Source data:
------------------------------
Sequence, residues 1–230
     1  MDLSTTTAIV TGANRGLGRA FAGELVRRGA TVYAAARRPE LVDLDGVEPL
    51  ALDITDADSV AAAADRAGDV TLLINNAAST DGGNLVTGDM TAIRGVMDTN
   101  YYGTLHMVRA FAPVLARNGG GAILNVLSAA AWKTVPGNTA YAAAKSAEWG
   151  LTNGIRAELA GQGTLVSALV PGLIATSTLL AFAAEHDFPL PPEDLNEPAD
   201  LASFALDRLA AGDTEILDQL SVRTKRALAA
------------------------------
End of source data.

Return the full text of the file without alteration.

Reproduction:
Sequence, residues 1–230
     1  MDLSTTTAIV TGANRGLGRA FAGELVRRGA TVYAAARRPE LVDLDGVEPL
    51  ALDITDADSV AAAADRAGDV TLLINNAAST DGGNLVTGDM TAIRGVMDTN
   101  YYGTLHMVRA FAPVLARNGG GAILNVLSAA AWKTVPGNTA YAAAKSAEWG
   151  LTNGIRAELA GQGTLVSALV PGLIATSTLL AFAAEHDFPL PPEDLNEPAD
   201  LASFALDRLA AGDTEILDQL SVRTKRALAA